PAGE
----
Flash in the Pan
A Quarterly Posting at Tiny Lights
by Viola Hargadine
"It's Edith's Tupperware Party!" the invitation said. "Friday, Oct. 13, 7:30 p.m. The house with lights in the tree. Bring a friend."
I had attended one previous Tupperware Party at Edith's small 1920s cottage. Edith stalled in the 1970s, so her earth-toned home was awash in avocado, chocolate and turquoise, with a harvest gold shag carpet (you remember, the kind with iron filings embedded in it) and many, many touches of orange. Edith was permanently influenced by a personal colorist and only wears harvest tones. Orange is "her" color.
That first party had featured mood lighting so dark you couldn't fill out the order blank and a centerpiece of Edith's sewing machine, which filled most of the room. I was dubious. But our Tupperware column was heavily in the red. Leftovers were residing uneasily in plastic bags and eating applesauce from a Baggie is precarious at best.
Previous parties had been attended more and more sparsely by co-workers and Edith was now issuing invitations to unsuspecting new victims from her crafts class.
"I just couldn't bear to go again," confided Lucy, her assistant of 17 years. "I had more fun feeding my cat. It's the same thing year after year. They say the same things each time and it's been—how many years now? I'm sure they said."
Indeed, they had. Edith and Melinda, the Tupperware lady, have been friends 28 years. ("Let's see, I was pregnant with Ronnie and he's 27 now.")
Each year, on the second Friday in October, Edith holds her annual Tupperware, featuring Melinda (although her Tupperware district is 40 miles away). Each year Edith and Melinda tell the same stories about how they met, how long they have been doing this, and give each other gifts. Melinda gives Edith orange Tupperware, although Edith already has so much Tupperware, most of it, by her own admission, unused, that she could start her own service. Edith gives Melinda giraffes. Melinda likes giraffes.
After the party, Edith's husband, Bart, serves transparent slices of his apple crisp and one cup of plain tea per guest. No sugar, milk, cream or lemon are offered—"We don't use anything in our tea," Edith snapped, when I asked.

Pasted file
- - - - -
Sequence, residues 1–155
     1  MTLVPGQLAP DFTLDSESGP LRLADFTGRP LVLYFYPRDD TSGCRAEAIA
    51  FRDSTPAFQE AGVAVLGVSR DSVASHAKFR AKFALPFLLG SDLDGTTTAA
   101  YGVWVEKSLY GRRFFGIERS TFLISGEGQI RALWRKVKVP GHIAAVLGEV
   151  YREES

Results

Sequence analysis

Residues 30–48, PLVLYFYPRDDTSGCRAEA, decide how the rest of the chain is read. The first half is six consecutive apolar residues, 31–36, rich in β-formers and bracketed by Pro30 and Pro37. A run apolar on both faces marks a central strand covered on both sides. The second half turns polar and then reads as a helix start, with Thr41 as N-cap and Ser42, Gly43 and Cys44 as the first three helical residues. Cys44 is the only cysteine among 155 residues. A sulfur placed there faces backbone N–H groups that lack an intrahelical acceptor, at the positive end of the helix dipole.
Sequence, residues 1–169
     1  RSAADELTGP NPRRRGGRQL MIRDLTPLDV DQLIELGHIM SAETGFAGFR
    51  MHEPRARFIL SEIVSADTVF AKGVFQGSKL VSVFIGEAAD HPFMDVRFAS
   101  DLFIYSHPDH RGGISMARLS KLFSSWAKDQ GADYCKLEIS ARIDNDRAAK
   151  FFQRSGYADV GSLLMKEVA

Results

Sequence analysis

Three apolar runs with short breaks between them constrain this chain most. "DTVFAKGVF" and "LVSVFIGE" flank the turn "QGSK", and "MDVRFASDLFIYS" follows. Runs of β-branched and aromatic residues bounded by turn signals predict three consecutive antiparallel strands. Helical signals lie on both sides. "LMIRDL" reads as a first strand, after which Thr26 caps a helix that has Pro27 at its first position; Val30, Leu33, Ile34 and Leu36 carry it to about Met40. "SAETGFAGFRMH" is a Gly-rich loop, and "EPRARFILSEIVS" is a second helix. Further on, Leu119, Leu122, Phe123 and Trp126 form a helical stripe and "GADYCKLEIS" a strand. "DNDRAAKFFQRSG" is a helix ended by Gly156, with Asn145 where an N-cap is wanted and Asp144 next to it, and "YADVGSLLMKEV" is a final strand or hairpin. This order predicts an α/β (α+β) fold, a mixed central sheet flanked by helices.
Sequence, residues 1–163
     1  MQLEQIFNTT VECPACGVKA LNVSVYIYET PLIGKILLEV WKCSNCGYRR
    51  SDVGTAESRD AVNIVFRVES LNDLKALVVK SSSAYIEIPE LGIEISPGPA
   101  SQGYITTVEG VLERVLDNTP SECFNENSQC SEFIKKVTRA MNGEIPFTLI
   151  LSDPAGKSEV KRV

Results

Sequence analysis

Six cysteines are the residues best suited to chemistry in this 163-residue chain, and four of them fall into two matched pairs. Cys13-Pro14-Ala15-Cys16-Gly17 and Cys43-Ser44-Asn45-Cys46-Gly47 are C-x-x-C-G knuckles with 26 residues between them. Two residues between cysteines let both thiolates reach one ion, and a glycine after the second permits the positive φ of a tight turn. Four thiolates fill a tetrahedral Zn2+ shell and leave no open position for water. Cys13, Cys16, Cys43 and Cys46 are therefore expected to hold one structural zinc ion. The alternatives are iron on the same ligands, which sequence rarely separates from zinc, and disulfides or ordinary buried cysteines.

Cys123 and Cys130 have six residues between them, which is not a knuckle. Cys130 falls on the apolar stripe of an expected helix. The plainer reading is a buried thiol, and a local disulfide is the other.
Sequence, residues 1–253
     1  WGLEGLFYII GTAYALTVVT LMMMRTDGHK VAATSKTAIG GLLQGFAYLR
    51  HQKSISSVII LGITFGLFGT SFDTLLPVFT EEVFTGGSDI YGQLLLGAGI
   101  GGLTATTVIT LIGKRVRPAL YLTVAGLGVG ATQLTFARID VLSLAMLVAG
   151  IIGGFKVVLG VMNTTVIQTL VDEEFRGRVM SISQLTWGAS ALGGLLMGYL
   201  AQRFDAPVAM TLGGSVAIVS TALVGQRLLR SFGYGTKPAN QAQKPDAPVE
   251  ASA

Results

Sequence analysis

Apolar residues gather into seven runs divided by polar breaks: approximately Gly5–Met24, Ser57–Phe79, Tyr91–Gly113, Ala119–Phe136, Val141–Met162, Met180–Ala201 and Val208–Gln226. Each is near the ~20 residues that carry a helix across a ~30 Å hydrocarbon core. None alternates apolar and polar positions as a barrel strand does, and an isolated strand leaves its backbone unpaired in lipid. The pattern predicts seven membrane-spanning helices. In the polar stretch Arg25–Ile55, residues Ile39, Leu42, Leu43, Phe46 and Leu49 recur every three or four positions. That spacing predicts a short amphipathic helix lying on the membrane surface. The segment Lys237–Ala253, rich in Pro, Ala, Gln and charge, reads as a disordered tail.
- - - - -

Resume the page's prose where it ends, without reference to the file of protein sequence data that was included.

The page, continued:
The décor had improved slightly. The sewing machine leaned against a wall and there was a hanging lamp. The gold shag had been replaced by beige un-shag.
Arlene, on my right, confided, "I haven't been to a Tupperware party in so long, I've forgotten how to behave." Then, as Edith's cats scampered out of the bedroom, she squealed and pulled back her mule-shod feet. "Your cats don't eat people's toes, do they?"
The party got off on the left foot as Melinda told us she was lucky to be there: she had had a heart attack last November 17. Although we did not know it at the time, this was to be the theme of the evening.
Next Melinda distributed presents. "I save my good presents for Mitzi's parties."
"Mitzi?" said Edith.
"I'm so sorry. I don't know why I call you Mitzi."
First, because it was Tupperware Pasta Month, we got boxes of macaroni ("I can't eat it because of my November 17 heart attack.") Then came pillbox key chains ("These come in so handy because of all the pills I have to take because of my November 17 heart attack.") Next were mysterious gadgets. I got what appeared to be a crochet hook. But no! "It's an orange peeler. Oranges are one of the few things I can still eat after my November 17 heart attack."
There were variations on the theme: Melinda went to Europe after surviving her blind date with death. While there she bought knives because, at $36 per, they were much cheaper than back home and, after all, she had realized after her November 17 heart attack during which the doctor had told her she should have died, that you can't take it with you.
"Isn't that right, Mitzi?"
Melinda had brought a whole tableful of new Tupperware, none of which looked remotely like the items I needed to replace. Any hope of getting out early evaporated when I heard Melinda pitch her first item. She demonstrated each slowly, methodically. Each had a different, special use, related, quelle surprise, to her heart attack.
"Now this cookie container—except I can't eat cookies any more since my November 17 heart attack—can also be used as a booster seat for my granddaughter. Phone books slip, but not Tupperware."
A sandwich container went with Melinda, "to all those luncheons. Of course, I can't eat the food, and it's all very expensive, but I can't eat it since my November 17 heart attack, and since it's so expensive, I just take my container along and put my luncheon it in and bring it home to my husband."
At Variation No. 15, a diversion was created when the Baker twins, Merry and Terry, arrived. Perfectly matched refugees from the ‘60s, their bottle-black hair was ratted into identical Aqua-Netted helmets. They were wearing outfits from crafts class: Chinese red pedal pushers and loose tops, patterned in metallic squares. Over the pajama tops were black quilted jackets appliquéd in green and pink chintz. On their feet were sling-back sandals.
"The only person," Lucy told me later, "who talks more than they do is their mother."
After an hour, Melinda ran out of items. I thumbed carefully through the catalogue several times. None of the items I needed were there.
Melinda told me those items had been retired, "long before my heart attack." I found something I liked in non-Edith tones of pink, lavender and teal, although they were not what I needed, and cost so much I could only afford two.
The following day, I went to Wal-Mart and bought replacements.
"You know," said the clerk as I checked out. "These little single-serving sizes are great. I've had to be much more careful about what I eat since I had a heart attack."
Viola Hargadine observes party life in Mankato, Minnesota.
Back to Flashes